Time isn’t a big issue…usage and maintenance are. Heavy usage can be a problem if not maintained, but can also mean very little if it was cared for.

-- Happiness is like wetting your pants...everyone can see it, but only you can feel the warmth....

View Hermando's profile

Hermando

75 posts in 1452 days


#7 posted 01-11-2012 06:52 PM

Recently I was in the same situation and had been looking at buying a new TS to upgrade from the portables I have been using. Although I have the Makita and Dewalt portables, great units, but the struggle has always been the accuracy. So I was also looking at PC, Ridgid and Craftsman, Although Lowes sells Steel City now. In any case the new saw would be in the $600 – $800 range, Unless I found it on sale.

My first choice though would have been the Powermatic used, but they hold their value and are not cheap. I took a chance on a used craftsman contractor from CL. At $40 what did I have to lose and after some cleaning and tuneup its a real jewel. If going used I would never spend to much for there is always a better deal just around the corner. If going new get the model you really want, even if you have to save a little longer and continue with how you are getting by for now.

Here is a recent CL Post for a Powermatic that I would jump on had I not bought the Craftsman.
Denver Colorado area.. http://denver.craigslist.org/tls/2792035956.html

View dmorrison's profile

dmorrison

145 posts in 1916 days


#8 posted 01-11-2012 07:36 PM

I have doubts about the Craiglist saw being a Powermatic model 64A.
I know the plate says it is but to many red flags in the post.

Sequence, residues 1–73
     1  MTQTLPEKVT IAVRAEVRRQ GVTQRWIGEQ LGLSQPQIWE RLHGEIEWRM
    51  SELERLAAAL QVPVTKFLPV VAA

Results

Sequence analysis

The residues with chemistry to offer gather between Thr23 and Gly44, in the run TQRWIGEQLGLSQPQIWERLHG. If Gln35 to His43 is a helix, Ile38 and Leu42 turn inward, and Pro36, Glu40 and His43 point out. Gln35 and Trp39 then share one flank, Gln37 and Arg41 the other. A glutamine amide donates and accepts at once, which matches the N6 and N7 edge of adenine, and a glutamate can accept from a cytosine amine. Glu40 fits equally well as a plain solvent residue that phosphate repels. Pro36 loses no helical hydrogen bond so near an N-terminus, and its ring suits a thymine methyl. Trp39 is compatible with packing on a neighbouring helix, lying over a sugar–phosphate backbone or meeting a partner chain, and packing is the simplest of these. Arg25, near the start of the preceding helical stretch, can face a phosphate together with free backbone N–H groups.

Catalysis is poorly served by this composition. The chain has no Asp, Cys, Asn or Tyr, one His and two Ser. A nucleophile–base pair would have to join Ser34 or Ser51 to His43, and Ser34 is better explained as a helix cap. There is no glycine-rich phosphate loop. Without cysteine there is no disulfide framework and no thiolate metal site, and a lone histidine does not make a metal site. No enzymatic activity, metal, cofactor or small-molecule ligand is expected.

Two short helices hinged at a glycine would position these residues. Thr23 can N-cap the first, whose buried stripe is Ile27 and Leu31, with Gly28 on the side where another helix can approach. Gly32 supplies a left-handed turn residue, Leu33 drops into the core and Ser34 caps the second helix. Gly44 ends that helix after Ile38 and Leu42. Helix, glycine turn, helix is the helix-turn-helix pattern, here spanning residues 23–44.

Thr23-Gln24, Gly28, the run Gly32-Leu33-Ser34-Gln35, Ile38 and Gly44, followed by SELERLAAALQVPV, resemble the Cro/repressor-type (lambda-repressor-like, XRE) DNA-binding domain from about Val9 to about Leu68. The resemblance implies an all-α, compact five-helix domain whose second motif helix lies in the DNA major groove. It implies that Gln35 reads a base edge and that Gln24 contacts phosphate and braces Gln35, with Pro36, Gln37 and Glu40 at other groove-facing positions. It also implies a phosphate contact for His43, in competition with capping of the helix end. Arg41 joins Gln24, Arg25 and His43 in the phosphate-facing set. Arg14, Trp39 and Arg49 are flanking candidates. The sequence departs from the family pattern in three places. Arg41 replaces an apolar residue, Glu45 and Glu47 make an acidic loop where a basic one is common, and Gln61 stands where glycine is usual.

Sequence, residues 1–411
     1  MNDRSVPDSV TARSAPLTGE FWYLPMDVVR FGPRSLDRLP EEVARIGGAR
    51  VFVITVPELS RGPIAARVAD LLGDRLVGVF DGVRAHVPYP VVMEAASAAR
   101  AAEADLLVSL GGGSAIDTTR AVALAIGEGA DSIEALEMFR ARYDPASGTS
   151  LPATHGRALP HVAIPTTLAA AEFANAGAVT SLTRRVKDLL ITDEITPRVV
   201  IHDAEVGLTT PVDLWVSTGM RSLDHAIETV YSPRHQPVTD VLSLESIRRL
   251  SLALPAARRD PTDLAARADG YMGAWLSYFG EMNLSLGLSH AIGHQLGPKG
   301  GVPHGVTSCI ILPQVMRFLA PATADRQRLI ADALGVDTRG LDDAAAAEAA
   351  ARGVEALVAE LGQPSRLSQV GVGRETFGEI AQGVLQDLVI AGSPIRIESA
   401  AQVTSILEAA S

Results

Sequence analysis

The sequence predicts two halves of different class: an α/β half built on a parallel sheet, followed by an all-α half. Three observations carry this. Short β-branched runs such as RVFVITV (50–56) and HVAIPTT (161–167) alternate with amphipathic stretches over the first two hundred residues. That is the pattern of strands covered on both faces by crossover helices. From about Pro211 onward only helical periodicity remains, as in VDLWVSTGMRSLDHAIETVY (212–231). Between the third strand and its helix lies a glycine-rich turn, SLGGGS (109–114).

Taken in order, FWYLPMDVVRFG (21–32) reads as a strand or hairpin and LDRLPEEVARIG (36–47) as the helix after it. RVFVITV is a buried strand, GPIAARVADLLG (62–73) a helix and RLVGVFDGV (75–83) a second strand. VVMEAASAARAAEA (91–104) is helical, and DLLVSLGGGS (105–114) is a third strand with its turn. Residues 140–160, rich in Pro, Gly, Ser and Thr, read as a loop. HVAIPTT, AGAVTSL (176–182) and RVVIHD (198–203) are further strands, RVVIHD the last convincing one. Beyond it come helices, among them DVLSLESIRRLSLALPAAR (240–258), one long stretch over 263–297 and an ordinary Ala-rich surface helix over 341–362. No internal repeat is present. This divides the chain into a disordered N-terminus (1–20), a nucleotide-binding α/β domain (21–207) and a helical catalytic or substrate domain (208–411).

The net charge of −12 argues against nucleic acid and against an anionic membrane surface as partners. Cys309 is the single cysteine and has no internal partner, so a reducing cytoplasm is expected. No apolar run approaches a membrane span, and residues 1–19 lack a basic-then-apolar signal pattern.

1. Open grate wings these were on the model 63 ( which I own)
2. Right tilt saw. The model 64 is a LEFT tilt saw. So I would not trust this post.

Do a search for parts for a model 64. You’ll see that this model does not reflect the model 64 offered by powermatic.
Biesemeyer fence is a good one. I just bought a 42” Biesemeyer the day ofter Christmas for $125. Still in the box.
My Vega fence on my saw, Which is a great fence is now going to my Father-in-laws Sears table saw.

1. Get a table saw with a Riving knife. For safety
2. Used is OK but Consider the Home Depot saw new, which comes with a riving knife.

I looked at the Porter Cable for my father-in-law and thought it was junk.

If you can do it. consider the Grizzly Hybrid model G0715P. Its a very good saw for a beginner and depending on how you advance in your woodworking, you may never need to buy another saw.

My Powermatic 63A has been a fine saw. But Powermatic is no longer supporting it and I would like a left tilt and a riving knife as a minimum. The Sawstop is a consideration.

On my Powermatic 63A saw I did a complete alignment. I had to remove the trunnios and drill out the holes to allow complete alignment

Dave

View Loren's profile

Loren

7556 posts in 2302 days


#9 posted 01-11-2012 07:42 PM

I hate to bash on Porter Cable, but the brand’s good name
is being gutted and it is being made a diy-level brand. The P-C
stuff made today, except perhaps for the routers, is not the
same stuff they used to make.

Basically today’s P-C is Black and Decker. Dewalt is B&D’s pro
brand. P-C has been sold down the river. Buyer beware.

###

The Powermatic Artisan line is an imported line of mostly Taiwan-made
machines meant to compete with Jet and similar better import
brands. It is not the same grade of machinery that built the
Powermatic name.

That said, don’t be afraid of used machines. Unless the machine is
really cheaply made (which is obvious) or has seen industrial use
or been dropped off a truck, it will probably work fine for years
and years. Most light industrial woodworking machinery sold
on the used market has seen little to no use by the standards
it is built to. When you buy from a hobby woodworker who
bought new, chances are the tool had no abuse or even more
than a few hundred hours on the motor.

-- http://lawoodworking.com

View Bertha's profile